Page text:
I mentioned in this post that July is Disability Pride Month – it’s a fitting month to celebrate, because it’s the anniversary of the signing of the Americans with Disabilities Act (ADA). The ADA was signed into law 30 years ago this month, making it just slightly younger than me.
|Image via Alyssa Silva|
I think that a lot of people know about the ADA in a really vague, general way. They think that because the ADA exists, accessibility problems are now solved. But in reality, that’s far from the case. There’s still a stigma surrounding accessibility and accommodations; there’s still a belief that we should be grateful for the times that things are accessible, as if people are doing it out of the goodness of their hearts and not because they’re required by law.
When I think about inaccessibility, it falls into a few general categories for me. The first is when things are just flat-out inaccessible. These might be older structures, like a restaurant with steps, or newer things like Uber and Lyft. It might not be legal, but since the onus is on me (or other people with disabilities) to report inaccessibility, they persist. It’s endlessly frustrating, and I basically operate on the assumption that things are inaccessible until proven otherwise. I would have hoped, 30 years post-ADA, that there wouldn’t be as many of these cases as there are.
Then there’s the things that are technically accessible, but require jumping through some extra hoops. A few years ago, I went with a good friend to a fancy event in DC, held in the US Chamber of Commerce. Everyone else went through the big stone front steps, but we had to get in around the back, down a darkly-lit alley, and then be escorted throughout the building. Is it cool to see the parts that no one else got to? Sure! But going in through a dark alley lacks a bit of the wow factor, and doesn’t make you feel valued. And so many buildings have entrances like this – where you have to go in a separate entrance that you may or may not be able to find by yourself.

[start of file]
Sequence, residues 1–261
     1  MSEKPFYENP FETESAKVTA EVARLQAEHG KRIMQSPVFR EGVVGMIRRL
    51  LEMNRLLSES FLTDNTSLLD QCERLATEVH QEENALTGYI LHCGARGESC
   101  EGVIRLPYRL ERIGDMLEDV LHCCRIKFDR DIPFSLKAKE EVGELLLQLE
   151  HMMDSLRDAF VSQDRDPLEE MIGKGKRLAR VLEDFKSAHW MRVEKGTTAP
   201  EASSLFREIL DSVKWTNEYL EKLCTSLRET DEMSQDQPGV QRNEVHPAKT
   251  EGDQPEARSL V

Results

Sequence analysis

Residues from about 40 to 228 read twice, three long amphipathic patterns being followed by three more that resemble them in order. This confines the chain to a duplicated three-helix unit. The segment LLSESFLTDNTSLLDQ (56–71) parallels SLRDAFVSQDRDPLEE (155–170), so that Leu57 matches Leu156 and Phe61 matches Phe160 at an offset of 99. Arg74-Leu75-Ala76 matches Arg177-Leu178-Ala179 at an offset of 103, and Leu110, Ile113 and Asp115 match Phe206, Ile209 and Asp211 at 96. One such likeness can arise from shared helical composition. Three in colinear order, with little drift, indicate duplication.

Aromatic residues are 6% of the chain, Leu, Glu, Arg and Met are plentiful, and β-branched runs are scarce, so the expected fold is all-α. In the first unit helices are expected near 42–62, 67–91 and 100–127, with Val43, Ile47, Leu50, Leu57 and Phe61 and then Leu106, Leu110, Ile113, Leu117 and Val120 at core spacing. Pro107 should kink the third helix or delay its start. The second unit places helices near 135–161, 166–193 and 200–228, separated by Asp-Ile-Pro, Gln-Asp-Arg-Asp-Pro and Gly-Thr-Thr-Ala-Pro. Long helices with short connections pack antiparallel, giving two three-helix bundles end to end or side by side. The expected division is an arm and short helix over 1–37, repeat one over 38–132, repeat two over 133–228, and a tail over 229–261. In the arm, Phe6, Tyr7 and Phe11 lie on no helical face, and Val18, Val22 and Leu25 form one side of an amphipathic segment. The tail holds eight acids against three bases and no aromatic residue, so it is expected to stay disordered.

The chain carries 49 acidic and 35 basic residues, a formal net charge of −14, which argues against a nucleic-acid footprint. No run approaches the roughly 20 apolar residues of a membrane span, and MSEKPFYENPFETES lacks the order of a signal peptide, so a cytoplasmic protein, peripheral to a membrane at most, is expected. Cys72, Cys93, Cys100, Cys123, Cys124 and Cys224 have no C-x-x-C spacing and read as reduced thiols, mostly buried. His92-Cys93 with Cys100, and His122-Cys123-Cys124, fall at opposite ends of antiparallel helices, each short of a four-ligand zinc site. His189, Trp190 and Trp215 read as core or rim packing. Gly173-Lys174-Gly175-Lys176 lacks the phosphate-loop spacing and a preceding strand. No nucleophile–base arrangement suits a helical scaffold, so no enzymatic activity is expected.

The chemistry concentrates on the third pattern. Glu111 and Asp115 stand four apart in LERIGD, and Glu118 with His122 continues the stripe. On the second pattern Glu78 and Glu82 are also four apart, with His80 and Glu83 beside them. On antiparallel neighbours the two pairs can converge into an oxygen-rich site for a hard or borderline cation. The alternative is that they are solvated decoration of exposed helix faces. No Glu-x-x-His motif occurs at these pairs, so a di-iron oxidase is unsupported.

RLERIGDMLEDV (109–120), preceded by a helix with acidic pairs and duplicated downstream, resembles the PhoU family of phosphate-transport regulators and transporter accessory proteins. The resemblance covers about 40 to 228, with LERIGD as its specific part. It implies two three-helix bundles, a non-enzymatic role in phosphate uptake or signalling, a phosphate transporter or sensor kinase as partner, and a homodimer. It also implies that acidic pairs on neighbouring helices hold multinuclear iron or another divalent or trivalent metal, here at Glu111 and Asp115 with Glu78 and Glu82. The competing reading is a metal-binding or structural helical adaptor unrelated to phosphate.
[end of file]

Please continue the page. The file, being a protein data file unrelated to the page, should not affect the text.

For me to get into Federal Galley, a restaurant in Pittsburgh’s North Side, an employee has to come out, take me into a parking garage, through a keycard-protected door, past the restaurant’s kitchen, and then onto an elevator. If I were going alone, without an able-bodied friend to go into the restaurant and let them know we needed help, how would I ever get in?
I could (and have) write a whole post about flying while disabled – not all planes are accessible, and I have to board very early and get off very last… spending a long time on a plane without an accessible bathroom! Can I fly? Yes. Is it a smooth, easy process? Definitely not.
And finally – there’s the structural things. Policies that incentivize me to remain under-employed, policies that stop disabled people from getting married because their joint income would force them to lose their extremely-necessary benefits. Even small things like the sidewalk policies here in Pittsburgh, which require homeowners to maintain their own sidewalks. Generally, they don’t, so they’re cracked and difficult for me to drive over, or covered in un-shoveled snow in the winter.
Clearly – we haven’t solved accessibility. Of course, I’m incredibly grateful for the ADA, and for the advocates that fought for it. I don’t even want to imagine what my life would have been without it. But I don’t want us to be complacent about accessibility, either. There is still work to be done. I look forward to when accessibility is the default and not the outlier.